NHS waiting lists have bulged to a new all-time high of 6.1 million people – with cancer delays now the worst on record.
Official data shows that nearly 24,000 people waited more than two decades to begin hospital treatment in January in England.
These long delays were not present until the pandemic. Health bosses have now pledged to end them by July.
NHS data shows in January, just 75 per cent of suspected cancer cases saw a specialist within two weeks – against a target of 93 per cent.
Michelle Mitchell, Cancer Research UK’s chief executive, said: “Performance against targets has again hit a record low.
“More people than ever before are facing unacceptably long waits for vital cancer tests and treatment.”
According to the NHS data, sick Brits are now spending more time waiting for a 999 call.
The average time to deal with the most urgent life-threatening calls – such as heart attacks – was eight minutes and 51 seconds, compared to a seven-minute target.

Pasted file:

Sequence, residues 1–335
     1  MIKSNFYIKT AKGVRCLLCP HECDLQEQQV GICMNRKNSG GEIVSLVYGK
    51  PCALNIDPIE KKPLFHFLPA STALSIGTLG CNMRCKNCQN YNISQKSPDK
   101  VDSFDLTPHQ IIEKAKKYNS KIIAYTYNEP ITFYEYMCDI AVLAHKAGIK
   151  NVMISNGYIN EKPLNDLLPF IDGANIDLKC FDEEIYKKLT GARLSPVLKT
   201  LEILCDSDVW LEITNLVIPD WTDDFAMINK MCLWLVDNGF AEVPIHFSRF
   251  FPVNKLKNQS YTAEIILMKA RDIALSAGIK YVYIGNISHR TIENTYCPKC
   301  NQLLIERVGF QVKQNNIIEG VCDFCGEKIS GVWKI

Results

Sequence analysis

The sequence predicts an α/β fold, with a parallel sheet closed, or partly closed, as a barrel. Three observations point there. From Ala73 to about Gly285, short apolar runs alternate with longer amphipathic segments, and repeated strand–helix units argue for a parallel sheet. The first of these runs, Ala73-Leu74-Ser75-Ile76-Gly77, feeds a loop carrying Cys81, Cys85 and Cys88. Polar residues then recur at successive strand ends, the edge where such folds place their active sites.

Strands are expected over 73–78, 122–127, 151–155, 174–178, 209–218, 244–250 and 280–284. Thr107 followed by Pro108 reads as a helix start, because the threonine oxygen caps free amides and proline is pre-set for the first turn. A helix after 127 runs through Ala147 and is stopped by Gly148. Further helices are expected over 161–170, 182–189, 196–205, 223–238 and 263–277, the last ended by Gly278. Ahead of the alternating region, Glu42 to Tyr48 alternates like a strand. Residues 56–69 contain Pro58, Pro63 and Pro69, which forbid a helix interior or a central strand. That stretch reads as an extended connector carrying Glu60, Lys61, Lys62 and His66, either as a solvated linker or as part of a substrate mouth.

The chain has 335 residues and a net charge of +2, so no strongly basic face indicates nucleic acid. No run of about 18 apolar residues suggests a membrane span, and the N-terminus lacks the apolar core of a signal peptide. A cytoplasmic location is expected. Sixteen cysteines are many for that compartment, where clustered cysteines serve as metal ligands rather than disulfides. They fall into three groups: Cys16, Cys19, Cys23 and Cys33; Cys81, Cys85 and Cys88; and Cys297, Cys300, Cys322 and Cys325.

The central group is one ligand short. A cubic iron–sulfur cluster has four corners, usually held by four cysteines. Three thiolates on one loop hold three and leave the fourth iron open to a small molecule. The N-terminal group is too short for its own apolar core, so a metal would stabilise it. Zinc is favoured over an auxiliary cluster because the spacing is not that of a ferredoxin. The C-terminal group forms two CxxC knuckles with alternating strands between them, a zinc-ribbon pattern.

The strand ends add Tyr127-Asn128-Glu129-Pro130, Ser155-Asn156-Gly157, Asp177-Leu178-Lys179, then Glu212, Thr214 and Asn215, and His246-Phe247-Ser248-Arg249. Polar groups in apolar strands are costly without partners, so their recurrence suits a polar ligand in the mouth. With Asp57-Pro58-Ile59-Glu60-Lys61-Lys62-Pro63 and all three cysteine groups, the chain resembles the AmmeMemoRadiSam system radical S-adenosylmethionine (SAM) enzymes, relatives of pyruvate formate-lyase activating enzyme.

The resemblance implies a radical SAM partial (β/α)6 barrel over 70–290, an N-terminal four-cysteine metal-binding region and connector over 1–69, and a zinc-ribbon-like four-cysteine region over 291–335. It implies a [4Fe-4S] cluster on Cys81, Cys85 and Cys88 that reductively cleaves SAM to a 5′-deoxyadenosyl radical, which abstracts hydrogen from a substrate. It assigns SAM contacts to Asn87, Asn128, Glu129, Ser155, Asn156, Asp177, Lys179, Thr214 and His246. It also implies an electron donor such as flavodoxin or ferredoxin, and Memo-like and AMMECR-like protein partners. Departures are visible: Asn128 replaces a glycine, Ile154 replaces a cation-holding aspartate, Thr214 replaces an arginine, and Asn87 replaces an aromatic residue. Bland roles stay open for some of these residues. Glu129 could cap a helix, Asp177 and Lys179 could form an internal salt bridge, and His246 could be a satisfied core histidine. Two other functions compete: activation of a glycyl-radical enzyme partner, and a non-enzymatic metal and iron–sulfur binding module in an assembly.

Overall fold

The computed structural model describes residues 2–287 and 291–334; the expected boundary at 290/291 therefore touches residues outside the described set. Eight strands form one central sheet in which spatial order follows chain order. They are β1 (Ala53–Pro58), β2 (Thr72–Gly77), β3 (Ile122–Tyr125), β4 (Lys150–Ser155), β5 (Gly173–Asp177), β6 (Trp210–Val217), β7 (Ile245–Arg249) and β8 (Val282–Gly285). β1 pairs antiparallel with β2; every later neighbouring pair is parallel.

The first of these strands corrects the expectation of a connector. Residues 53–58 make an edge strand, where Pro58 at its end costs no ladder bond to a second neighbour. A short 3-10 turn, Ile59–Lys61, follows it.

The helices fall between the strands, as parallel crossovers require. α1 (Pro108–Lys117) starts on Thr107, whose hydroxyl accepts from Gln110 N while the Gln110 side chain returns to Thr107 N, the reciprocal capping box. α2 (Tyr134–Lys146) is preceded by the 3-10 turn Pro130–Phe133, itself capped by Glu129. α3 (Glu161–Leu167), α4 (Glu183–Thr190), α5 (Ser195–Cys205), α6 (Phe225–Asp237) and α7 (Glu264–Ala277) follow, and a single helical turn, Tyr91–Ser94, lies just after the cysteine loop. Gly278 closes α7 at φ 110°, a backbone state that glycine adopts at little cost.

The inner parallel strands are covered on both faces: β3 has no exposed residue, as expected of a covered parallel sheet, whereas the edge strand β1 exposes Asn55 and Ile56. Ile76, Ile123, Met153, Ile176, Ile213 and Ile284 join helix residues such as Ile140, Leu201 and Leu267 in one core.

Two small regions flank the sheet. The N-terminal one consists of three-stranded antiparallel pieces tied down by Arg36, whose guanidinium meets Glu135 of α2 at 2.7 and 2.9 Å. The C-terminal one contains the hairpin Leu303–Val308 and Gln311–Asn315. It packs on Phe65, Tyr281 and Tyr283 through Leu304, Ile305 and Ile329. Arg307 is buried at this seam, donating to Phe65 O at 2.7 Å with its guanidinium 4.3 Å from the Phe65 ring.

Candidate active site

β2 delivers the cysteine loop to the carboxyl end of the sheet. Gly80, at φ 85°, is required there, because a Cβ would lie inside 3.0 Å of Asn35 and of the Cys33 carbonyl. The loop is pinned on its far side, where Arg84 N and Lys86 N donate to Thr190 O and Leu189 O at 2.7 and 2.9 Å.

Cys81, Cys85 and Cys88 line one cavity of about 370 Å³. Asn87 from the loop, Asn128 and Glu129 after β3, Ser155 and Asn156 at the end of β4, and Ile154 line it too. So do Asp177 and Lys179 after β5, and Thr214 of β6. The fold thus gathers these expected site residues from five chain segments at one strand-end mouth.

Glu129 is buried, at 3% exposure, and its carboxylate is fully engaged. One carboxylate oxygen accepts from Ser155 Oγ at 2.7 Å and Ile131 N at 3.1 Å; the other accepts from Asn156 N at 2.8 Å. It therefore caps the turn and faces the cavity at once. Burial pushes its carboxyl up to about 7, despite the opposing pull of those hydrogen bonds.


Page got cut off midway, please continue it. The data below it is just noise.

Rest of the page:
Although less urgent calls such as strokes and burns took more than the expected 18 minutes, they were answered in 38 minutes.
The NHS also continues to miss a raft of targets relating to A&E and key diagnostic tests.
Sarah Scobie, Nuffield Trust’s Deputy Director for Research, said that the data is “very useful.” “sobering reading”.
She stated: “Behind all of these figures are thousands of individual stories of pain and suffering, set against a backdrop of burnt out and overworked healthcare staff.”
NHS national medical director, Professor Stephen Powis, said: “Despite ongoing pressures our hardworking NHS staff delivered 280,000 more tests and checks for patients in January compared to the same time last year, and almost 1.24 million started consultant-led treatment, as more people continue to come forward for care who may have been reluctant to seek help during the pandemic.”